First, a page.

The Magnolia Tree


The Magnolia Tree

Winter is whimpering.
Dreary days come and go.
March winds are bickering.
Spring is making a show.

Heleborus was faithful
to show up in snow,
but its’ debut is fading
as the daffodils grow.

The forsythias stun us
in a short burst of bright,
but the most magnificent fuss
seems to come overnight.

It’s the herald of spring
and most gardeners agree,
the most charming tall bling
the Magnolia tree.


Warm Wednesday Words: Hope, Promises and Renewal

Fall is a time to slow down, renew and wait for, (if not invest in), the promises of spring.   It is a time of digging deep, burrowing in, savoring fall aromas such as fresh cut wood and pumpkin candles, and feasting on the deep, glorious colors of autumn just before the stark nakedness of winter.  It is a time to trust that what may seem bleak and obscure as winter descends will burst forth into its own “glory”, of sorts, in God’s time.

A bunch of tulip bulbs ready for fall planting.When my siblings and I were growing up, my dad would buy our winter wood supply in the fall and one of our chores was to stack it outside the basement door for use in the wood furnace that was in the basement.  Though we sometimes grumbled about the job, knowing the wood was purchased and stacked was one of many comforts of fall.

wood stackAnother nostalgic fall comfort is the sight of home canned goods labeled and on the pantry shelves.  This was the harvest that would help carry us through until the next garden season.

home canned goodsThis fall, in more ways then one, I am focusing on the promises of “spring” to carry me through the “winter”.

IMG_8576“At no other time (than autumn) does the earth let itself be inhaled in one smell, the ripe earth; in a smell that is in no way inferior to the smell of the sea, bitter where it borders on taste, and more honeysweet where you feel it touching the first sounds. Containing depth within itself, darkness, something of the grave almost.”
Rainer Maria Rilke, Letters on Cezanne


Jacob’s dog, Cyrus (below), and Hannah’s dog, Prim, have decided to “help” me dig a large hold for planting bulbs here.  I just hope they will retire the job after the bulbs are planted!



In the cocoon is the promise of a butterfly,
At the dawn, night is set awry,
Storms become a memory in the arch of a rainbow,
and God’s presence rushes in when on our knees we say so.
Though tulip bulbs are humble for a season,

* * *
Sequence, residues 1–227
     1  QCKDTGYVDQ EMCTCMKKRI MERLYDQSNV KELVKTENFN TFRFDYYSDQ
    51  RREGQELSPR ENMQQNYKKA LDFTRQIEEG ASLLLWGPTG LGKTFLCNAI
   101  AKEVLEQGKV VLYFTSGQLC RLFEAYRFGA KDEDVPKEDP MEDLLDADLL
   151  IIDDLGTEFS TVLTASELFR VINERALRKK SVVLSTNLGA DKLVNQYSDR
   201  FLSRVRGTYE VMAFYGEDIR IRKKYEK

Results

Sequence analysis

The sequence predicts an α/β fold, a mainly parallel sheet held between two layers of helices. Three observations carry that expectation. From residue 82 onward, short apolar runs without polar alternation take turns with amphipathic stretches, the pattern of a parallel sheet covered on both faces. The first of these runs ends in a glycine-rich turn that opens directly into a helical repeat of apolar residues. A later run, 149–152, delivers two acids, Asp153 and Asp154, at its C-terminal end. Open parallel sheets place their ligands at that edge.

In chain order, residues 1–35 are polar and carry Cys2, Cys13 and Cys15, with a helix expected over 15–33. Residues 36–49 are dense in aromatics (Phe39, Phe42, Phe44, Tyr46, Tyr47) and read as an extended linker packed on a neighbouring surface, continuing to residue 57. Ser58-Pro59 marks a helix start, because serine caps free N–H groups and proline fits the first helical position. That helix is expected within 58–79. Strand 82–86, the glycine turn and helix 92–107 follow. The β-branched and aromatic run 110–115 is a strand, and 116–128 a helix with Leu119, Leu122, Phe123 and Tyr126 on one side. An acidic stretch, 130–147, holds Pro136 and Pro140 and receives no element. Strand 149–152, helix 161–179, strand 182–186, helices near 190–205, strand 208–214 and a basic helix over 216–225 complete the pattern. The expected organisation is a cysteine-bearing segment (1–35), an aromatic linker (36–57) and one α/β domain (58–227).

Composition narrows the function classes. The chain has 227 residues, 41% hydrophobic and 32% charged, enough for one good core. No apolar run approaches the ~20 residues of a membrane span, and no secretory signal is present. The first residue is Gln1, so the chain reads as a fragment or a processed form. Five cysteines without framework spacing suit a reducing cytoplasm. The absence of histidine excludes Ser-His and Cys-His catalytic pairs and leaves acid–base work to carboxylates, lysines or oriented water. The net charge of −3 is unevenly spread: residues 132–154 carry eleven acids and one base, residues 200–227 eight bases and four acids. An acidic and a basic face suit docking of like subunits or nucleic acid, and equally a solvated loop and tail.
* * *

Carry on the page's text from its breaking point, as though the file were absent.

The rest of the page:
and with our prayers we wrestle and reason,
Victory burst from the cross and the tomb
and is safe in the hearts of the bride of the Groom.

LaDonna English

IMG_8586What hidden promises are you standing on this fall?

Hymn written by Natalie Sleeth.  © 1986 Hope Publishing Co., Carol Stream, IL 60188,
All rights reserved. Used by permission.

Warm Wednesday Words: Watch for God

watch for God

As we do Vacation Bible School this week at our church, we are wearing bracelets that say “Watch for God” as reminders to keep tracking God in our personal life.  Since God’s mercies are new every morning, it takes “watching” to see them each day.   If I’m not watching for God and His mercies then I often not only miss the sweetly personal supernatural, but default to complaining, fear, worry, etc.  The more I train my eye to watch for God, the more I see Him at work and my eye becomes trained to see the blessing in something that at first glance may just seem like something negative.

To watch for God at work in trials is like seeing drops of water in arid places.  The first definition for “arid” in is: “being without moisture; extremely dry; parched: arid land; an arid climate”.  In our lives arid places can symbolize those times of trials and stretching, often lengthy and difficult.  But unlike geographically arid regions, which result in fruitlessness, “arid” life seasons can actually stimulate “fruit” production.  Our difficult seasons cause us to either watch for God and see His mercies, or become bitter and miss the God sightings.  

When we choose to watch for God at work in our arid places, we see mercy drops and sometimes showers even in our deserts.   Oswald Chambers said, “…God has to take us into the valley, and put us through fires and floods to batter us into shape, until we get to the place where He can trust us with the veritable reality.”